Every member of our Workers’ Compensation practice group is AV rated.  Our partnership with the NWCDN magnifies the lens for which our professional expertise imperiously demands that we always be dynamic and exacting advocates for our clients, navigating the frustrating and form-intensive minefield pervasive throughout Pennsylvania Workers’ Compensation practice and procedure.

 

 

         So you are an Employer, by definition under most workers’ compensation statutes a “master”, with your employees, likewise being designated as “servants”, to fuel the pecuniary fiefdom that you propagate.

              Yes, in business, for profit, with associated overhead for business expenses, to include payroll, benefits, yadda, yadda.

            Of course, for your protection, or for that of whatever corporation you have designed and constructed, you have procured the necessary insurance coverages, to include coverage for general liability purposes, potentially meaning whatever, obviously subject to contractual interpretations, as well as, of course, workers’ compensation insurance coverage, in order that your company is not personally or corporately liable for injuries sustained by employees in the course and scope of their employment, in the course of which they are expected to be performing associated tasks commensurate with your business or your corporation.

            You have to ask yourself is every allegedly employee-sustained injury covered by workers’ compensation statutes, and, by extension, workers’ compensation insurance coverage, requiring a threshold analysis as to whether the alleged injury has occurred within the four corners of what we consider the course and scope of employment.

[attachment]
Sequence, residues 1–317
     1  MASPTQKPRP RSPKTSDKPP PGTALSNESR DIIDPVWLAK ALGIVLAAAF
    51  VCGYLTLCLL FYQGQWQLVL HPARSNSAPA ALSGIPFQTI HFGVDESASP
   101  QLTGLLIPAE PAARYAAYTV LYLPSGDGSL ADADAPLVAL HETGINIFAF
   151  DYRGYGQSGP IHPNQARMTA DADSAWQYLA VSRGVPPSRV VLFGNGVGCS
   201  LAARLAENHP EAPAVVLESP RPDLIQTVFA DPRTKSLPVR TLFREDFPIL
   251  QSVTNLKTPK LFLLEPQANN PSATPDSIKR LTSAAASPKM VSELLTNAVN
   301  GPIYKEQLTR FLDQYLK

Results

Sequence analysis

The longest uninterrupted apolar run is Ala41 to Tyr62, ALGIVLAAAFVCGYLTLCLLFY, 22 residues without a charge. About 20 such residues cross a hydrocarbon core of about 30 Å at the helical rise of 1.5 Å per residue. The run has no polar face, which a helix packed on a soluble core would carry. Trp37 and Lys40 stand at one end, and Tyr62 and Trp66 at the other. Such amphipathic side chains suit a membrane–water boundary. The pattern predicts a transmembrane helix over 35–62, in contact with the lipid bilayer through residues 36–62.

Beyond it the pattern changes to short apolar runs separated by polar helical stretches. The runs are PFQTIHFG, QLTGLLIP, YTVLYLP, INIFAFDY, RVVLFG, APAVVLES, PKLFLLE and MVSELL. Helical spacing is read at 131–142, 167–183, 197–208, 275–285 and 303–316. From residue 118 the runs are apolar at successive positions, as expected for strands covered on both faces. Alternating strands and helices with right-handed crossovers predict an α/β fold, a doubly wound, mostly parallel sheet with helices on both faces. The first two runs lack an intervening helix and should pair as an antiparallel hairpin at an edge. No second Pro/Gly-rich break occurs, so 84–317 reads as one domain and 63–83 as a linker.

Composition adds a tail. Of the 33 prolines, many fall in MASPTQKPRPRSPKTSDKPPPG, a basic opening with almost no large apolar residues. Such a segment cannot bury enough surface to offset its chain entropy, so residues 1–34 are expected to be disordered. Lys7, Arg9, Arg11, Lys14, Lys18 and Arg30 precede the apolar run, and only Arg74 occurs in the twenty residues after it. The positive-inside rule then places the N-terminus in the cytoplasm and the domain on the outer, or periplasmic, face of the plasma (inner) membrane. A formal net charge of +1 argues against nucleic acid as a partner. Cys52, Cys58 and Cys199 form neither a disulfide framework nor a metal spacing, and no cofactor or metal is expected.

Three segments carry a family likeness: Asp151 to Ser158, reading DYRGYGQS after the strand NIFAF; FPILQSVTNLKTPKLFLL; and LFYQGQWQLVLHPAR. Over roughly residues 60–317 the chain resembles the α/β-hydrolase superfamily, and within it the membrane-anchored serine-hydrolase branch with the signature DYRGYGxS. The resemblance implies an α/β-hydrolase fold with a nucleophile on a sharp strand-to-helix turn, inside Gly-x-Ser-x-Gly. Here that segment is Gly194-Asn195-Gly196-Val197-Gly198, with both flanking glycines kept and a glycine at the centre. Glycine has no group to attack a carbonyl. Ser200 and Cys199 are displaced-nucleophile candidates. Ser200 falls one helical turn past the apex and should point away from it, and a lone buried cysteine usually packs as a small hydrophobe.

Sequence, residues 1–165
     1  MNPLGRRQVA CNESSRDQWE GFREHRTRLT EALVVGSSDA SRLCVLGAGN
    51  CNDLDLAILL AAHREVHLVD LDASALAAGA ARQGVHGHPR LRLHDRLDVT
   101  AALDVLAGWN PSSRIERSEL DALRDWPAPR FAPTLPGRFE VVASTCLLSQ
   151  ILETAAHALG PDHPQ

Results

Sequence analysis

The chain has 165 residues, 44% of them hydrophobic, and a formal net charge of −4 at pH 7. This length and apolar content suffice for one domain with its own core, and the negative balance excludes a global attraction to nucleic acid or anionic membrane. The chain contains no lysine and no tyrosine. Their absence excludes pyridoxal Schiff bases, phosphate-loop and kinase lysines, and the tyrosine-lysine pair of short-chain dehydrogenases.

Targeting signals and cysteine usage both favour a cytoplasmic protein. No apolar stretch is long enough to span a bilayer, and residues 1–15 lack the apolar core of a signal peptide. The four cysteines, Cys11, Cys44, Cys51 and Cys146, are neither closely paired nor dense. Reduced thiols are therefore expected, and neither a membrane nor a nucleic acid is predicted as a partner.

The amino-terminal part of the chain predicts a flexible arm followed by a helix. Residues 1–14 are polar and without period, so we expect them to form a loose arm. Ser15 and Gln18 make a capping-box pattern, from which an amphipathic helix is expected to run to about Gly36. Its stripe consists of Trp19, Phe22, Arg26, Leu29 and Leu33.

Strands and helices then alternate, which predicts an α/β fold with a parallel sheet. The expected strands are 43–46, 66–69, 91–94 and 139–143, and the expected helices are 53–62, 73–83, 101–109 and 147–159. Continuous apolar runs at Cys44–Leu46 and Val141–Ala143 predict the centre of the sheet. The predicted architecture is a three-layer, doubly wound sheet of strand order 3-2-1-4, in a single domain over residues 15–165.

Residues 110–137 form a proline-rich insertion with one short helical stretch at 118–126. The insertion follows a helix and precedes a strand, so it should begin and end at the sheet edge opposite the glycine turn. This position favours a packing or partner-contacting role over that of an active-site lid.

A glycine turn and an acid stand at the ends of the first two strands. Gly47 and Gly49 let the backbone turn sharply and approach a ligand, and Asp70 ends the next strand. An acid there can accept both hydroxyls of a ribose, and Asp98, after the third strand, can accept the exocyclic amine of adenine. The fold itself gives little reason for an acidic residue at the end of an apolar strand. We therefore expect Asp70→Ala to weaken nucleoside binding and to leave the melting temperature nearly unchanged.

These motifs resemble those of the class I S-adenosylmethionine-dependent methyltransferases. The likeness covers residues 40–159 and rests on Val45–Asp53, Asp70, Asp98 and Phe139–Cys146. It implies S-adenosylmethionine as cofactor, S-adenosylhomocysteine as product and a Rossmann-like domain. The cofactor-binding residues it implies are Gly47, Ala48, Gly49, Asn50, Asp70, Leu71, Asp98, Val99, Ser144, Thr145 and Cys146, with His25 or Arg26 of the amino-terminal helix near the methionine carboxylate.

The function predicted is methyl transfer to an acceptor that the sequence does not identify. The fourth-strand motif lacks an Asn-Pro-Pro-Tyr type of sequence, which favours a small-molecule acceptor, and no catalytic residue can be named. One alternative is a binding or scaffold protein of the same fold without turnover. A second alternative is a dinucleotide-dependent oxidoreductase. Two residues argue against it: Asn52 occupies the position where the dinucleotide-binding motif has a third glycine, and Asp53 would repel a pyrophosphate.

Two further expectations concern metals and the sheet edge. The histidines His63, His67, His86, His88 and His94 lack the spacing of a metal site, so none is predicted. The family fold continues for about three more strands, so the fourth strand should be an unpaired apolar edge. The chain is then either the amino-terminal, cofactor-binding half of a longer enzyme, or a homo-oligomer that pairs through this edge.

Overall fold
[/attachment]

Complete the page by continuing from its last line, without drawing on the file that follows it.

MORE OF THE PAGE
And the answer is, sometimes yes, as well as sometimes no, beyond obviously working with your broker, your insurance carrier, and either in-house or extraneous counsel.

            Let’s begin with some basics.

            Workers’ compensation statutes have been in place since a horrific accident in New York in 1911, the Triangle Shirtwaist Fire, resulting in 146 workers dying when trapped in a burning factory, with Pennsylvania’s workers’ compensation statute being enacted in 1915, and then evolving over several structural and procedural reforms, the last of which were in the 1990s, reforming indemnity (wage loss) and medical compensation benefits. 

            Having survived reforms, both positive and negative for Employers and insurance carriers, the purpose of workers’ compensation statutes is obviously humanitarian, as well as to act both as a safety net for injured employees, and to serve as a “grand bargain”, for businesses, Employers, and by extension, insurance carriers, as the exchange is that employees surrender their right to sue for civil or personal injury damages, with Employers being given the certainty of scheduled losses for both wage loss and medical benefits.

            So when does the analysis of “course and scope of employment” begin?